The Unconsoled by Kazuo Ishiguro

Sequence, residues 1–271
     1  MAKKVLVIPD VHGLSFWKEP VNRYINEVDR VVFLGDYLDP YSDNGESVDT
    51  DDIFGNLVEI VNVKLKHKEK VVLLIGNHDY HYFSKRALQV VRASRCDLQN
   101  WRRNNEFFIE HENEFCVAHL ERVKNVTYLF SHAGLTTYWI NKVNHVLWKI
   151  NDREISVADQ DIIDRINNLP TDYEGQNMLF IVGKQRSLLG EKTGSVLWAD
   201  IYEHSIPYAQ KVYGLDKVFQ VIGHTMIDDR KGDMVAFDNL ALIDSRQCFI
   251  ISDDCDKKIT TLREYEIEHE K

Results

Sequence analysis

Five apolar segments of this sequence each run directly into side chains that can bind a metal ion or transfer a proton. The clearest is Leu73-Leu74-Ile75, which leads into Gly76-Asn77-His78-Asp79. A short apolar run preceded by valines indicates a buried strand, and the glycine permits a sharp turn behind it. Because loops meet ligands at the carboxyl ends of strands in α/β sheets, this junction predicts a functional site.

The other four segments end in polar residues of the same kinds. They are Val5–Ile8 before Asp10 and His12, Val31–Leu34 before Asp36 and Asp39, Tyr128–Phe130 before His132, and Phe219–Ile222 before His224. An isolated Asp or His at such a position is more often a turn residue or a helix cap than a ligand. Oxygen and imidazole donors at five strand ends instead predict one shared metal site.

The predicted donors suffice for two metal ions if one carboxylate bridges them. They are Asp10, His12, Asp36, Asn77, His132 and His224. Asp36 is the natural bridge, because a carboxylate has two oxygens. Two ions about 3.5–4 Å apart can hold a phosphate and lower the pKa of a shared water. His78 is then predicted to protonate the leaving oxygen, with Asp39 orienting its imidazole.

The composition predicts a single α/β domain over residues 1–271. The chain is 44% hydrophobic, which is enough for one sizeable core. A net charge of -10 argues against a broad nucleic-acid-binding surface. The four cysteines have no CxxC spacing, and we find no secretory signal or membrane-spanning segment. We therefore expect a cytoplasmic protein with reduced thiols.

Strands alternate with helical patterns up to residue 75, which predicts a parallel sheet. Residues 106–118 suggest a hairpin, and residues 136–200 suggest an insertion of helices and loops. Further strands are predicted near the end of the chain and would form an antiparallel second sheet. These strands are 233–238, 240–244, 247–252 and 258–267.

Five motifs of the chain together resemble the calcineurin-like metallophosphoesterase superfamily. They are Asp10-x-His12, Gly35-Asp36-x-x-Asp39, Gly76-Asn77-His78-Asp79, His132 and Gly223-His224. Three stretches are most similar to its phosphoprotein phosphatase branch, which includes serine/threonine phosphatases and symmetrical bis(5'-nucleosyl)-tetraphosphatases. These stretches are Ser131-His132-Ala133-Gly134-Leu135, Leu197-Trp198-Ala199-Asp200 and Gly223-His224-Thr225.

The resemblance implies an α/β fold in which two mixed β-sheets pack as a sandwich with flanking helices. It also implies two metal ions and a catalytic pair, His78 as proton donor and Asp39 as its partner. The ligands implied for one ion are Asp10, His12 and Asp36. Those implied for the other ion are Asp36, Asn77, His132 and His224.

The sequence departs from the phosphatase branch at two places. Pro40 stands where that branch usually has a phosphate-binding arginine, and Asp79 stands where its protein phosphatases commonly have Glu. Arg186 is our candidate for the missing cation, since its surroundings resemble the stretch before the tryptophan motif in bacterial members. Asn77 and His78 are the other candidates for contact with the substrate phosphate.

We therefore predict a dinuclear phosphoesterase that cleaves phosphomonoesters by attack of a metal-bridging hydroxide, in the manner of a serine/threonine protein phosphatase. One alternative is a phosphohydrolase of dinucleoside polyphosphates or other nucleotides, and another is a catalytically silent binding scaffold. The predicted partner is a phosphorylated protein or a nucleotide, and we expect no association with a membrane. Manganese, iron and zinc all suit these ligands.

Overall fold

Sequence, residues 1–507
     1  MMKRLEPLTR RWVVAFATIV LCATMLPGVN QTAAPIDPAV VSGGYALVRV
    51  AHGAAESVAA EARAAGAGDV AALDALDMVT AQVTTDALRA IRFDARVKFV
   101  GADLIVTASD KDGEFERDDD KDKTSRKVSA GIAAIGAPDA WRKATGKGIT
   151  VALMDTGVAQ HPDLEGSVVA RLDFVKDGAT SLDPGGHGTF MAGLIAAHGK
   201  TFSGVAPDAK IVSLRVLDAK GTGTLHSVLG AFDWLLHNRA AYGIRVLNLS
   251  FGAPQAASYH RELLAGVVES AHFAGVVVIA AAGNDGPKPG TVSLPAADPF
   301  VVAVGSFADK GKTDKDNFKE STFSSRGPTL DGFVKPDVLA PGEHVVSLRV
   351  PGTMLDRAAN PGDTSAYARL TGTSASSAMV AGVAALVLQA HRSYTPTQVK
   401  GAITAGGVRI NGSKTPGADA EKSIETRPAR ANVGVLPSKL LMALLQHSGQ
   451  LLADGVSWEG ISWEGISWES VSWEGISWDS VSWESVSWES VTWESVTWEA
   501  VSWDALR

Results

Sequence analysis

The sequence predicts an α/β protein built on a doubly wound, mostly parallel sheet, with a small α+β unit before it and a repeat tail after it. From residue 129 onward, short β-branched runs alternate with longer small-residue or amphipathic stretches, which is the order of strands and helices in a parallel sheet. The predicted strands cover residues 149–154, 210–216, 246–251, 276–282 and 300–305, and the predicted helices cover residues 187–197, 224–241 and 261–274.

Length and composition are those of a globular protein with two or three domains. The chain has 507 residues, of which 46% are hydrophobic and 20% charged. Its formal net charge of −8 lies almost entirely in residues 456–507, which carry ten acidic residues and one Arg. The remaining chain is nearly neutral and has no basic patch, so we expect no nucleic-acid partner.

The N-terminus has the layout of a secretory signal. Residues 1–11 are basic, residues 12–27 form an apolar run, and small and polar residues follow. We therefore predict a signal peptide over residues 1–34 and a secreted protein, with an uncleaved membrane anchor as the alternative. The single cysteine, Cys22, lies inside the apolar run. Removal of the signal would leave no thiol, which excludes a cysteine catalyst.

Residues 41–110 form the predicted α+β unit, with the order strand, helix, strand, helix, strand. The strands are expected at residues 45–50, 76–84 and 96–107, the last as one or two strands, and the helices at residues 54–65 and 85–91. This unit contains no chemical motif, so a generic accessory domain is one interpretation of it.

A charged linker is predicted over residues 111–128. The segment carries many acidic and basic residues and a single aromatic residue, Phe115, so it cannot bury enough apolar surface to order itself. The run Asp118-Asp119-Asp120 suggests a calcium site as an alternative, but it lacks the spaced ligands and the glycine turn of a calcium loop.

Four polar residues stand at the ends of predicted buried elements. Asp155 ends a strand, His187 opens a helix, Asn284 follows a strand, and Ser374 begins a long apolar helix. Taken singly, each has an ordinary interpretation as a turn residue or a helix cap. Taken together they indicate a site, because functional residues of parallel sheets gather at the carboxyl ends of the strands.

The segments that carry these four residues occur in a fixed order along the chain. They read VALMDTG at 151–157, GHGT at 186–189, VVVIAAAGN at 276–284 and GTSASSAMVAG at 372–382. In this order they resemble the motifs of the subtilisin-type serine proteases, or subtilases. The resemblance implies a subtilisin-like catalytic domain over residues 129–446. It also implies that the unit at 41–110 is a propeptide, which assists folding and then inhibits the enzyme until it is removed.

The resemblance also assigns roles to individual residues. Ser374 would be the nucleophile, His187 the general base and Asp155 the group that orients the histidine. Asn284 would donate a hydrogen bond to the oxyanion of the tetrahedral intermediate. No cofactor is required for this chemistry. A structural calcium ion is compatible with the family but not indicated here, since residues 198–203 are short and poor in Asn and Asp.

The more you read Ishiguro’s Kafka-esque (and often misunderstood) opus, the more you understand that Ryder — a world-class concert pianist preparing to give a concert in a nameless Central European city — isn’t supposed to get what he deserves. And that’s part of what makes this surreal submersion in his consciousness so deeply brilliant. As Ryder struggles to understand his role as a cultural figure leading up to the performance, he is forced, through a seemingly random and absurd series of connections, to come to terms with a chaotic past and the disintegration of his own family. The fact that he fails to recover much besides his own sanity is inevitable, but his story is told with shifting voices that draw out the deepest and most fundamental elements of human identity. Looking in literary retrospect (The Unconsoled was published in 1995), we can see Ryder as a very special evolutionary link between Josef K. of Kafka’s The Trial and unconsoled characters of the 21st century, like Julius, the societal wanderer at the heart of Teju Cole’s Open City.